18th Annual Symposium on Family Issues - Early Adulthood in a Family Context

Date 10/12/10 to 10/13/10
Location Nittany Lion Inn, University Park campus
Description

Co-organized in 2010 with the National Center for Family and Marriage Research (NCFMR) at Bowling Green State University.

Early adulthood (ages 18-24) is a period characterized by social-emotional, cognitive and physical development, evidenced in increasing autonomy from parents, financial independence, romantic relationship involvement, and transitions into parenthood. It is a critical life period because the timing and sequencing of these developments set the stage for later health and well-being as well as for future psychological development, achievement, and family and intimate relationship experiences. Young adults do not navigate emerging adulthood alone, and often require substantial support from their families of origin to successfully accomplish the many developmental tasks of this period. In addition, although family formation is increasingly delayed, some men and women marry or become parents early, and others form romantic relationships. The 2010 symposium will focus on the family contexts of early adulthood, emphasizing the importance of both the family of origin and new and highly variable types of family formation experiences that occur in early adulthood.

Not all young adults share the same pathways through young adulthood. There is diversity in the trajectories of young adults, reflecting not only variation due to structural factors such as socioeconomic status, gender, and race/ethnicity, but also individual differences in social, cognitive and emotional development and adjustment which are shaped in part by early and ongoing family dynamics. Families of origin are increasingly complex due to non-marital childbearing, divorce, cohabitation and remarriage as well as the health and well-being of their members. Young adults' ability to draw on family resources varies according to the characteristics of their family of origin. Individual and group differences in the family supports available to young adults may be especially pronounced in the current time period, given the growth of income inequality over the last several decades and the severity of the current recession.

The 2010 symposium has two core goals that will showcase new theoretical, methodological, and measurement insights. The first goal is to advance understanding of the influence of the family of origin on young adults' lives--recognizing the increasing diversity and complexity of the family. Both family resources and constraints with respect to economic, social, and human capital will be considered, as will the nature and extent of young adults' responsibilities to their families of origin. The second goal is to build our knowledge about family formation and stability in early adulthood. Given delays in the timing of marriage for most young adults, the early adult years provide opportunities for a wide range of relationships. Empirical studies and theoretical developments, however, have not kept pace with the relationship and family experiences of young adults. Along with its emphasis on the family contexts of early adulthood, the symposium will highlight two additional important themes: diversity in young adult development and the role of the broader economic climate. Research will draw on comparisons within young adulthood as well as contrasting young adults to teens and older adults.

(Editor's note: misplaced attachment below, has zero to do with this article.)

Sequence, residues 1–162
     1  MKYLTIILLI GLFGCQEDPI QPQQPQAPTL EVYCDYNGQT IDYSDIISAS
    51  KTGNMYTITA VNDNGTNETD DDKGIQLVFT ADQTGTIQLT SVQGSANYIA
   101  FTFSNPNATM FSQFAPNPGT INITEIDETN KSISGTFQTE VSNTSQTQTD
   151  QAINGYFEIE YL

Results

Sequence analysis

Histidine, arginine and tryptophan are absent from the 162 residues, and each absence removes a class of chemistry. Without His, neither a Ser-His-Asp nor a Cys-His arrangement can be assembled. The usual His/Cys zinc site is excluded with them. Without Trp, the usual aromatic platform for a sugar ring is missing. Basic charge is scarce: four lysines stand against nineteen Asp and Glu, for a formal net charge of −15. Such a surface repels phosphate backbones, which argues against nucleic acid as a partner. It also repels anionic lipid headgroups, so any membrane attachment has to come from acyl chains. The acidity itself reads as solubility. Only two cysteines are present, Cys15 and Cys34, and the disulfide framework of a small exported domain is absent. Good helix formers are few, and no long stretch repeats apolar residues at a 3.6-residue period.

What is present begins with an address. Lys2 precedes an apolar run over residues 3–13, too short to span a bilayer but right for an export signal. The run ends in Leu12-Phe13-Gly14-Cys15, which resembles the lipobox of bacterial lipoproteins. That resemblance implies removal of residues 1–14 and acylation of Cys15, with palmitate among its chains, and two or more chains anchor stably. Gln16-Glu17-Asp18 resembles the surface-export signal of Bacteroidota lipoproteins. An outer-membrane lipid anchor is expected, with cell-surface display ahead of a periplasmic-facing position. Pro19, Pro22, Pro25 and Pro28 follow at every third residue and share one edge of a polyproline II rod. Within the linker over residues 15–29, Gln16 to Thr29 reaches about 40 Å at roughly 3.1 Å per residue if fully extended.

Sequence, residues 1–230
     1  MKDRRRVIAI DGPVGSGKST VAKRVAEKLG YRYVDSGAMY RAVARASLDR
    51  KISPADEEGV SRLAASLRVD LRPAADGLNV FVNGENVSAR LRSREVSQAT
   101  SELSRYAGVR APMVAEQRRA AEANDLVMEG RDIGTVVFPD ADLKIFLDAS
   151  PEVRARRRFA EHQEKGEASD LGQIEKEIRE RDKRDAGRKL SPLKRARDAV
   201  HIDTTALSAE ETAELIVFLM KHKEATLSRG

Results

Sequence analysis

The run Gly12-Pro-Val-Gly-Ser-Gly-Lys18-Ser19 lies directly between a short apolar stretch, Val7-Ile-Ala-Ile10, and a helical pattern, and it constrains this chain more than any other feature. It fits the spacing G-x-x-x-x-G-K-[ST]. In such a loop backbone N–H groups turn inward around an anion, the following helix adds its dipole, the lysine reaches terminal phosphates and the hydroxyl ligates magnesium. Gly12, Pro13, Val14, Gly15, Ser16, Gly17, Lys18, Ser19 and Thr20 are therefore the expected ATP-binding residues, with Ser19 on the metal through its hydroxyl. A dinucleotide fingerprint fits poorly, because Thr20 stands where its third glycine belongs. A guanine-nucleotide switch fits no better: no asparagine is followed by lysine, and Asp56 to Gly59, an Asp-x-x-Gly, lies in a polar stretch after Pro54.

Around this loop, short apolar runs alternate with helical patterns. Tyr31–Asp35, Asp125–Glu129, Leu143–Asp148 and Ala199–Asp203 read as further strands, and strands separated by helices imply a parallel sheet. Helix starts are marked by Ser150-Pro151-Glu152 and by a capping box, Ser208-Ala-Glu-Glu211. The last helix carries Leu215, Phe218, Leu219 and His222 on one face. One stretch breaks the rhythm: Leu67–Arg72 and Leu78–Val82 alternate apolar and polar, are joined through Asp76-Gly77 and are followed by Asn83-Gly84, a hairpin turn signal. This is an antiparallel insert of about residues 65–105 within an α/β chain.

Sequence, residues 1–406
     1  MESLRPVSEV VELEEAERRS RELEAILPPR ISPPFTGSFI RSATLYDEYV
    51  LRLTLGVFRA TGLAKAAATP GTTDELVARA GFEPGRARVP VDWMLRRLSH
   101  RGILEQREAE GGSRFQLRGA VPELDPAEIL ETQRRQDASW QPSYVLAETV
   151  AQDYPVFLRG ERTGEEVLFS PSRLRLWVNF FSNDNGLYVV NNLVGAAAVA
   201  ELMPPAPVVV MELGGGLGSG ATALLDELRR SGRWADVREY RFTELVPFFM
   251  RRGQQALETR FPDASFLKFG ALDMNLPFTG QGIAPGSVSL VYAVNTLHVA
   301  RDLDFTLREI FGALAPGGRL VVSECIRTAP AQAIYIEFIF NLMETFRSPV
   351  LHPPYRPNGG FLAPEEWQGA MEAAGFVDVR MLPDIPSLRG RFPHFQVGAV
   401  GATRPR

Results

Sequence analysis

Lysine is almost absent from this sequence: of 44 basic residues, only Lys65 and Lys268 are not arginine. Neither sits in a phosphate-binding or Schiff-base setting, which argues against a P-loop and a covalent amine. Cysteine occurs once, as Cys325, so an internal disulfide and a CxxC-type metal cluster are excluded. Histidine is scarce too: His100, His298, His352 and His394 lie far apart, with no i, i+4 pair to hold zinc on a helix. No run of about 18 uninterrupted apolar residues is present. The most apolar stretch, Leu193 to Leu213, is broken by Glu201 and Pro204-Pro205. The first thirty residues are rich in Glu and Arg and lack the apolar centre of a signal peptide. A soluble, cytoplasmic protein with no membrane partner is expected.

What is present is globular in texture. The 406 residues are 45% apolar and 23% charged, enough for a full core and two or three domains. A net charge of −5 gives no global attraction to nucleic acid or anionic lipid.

What is the contemporary context of young adulthood?
This session will focus on the key developmental tasks of young adulthood and the role of the larger social and economic environment in young adults' trajectories. Speakers will address changes in the context of early adulthood over the last several decades, including very recent changes due to the economic downturn. Diversity by SES, race/ethnicity, and gender in the resources and opportunities available to young adults to address developmental tasks in the domains of education, employment, and family will be emphasized. Also of interest is how differences in resources and opportunities result in a diversity of pathways to adulthood and what roles do social institutions (e.g., educational, military, penal) play in the nature and course of early adulthood for diverse youth.

Lead speaker: Richard Settersten, Professor, College of Health and Human Sciences, Oregon State University

Discussants:
Jeylan Mortimer, Professor of Sociology, Life Course Center, University of Minnesota
Ross Macmillan, Associate Professor of Sociology, Director of the Life Course Center, University of Minnesota
Jennifer Maggs, Professor, Human Development & Family Studies, Penn State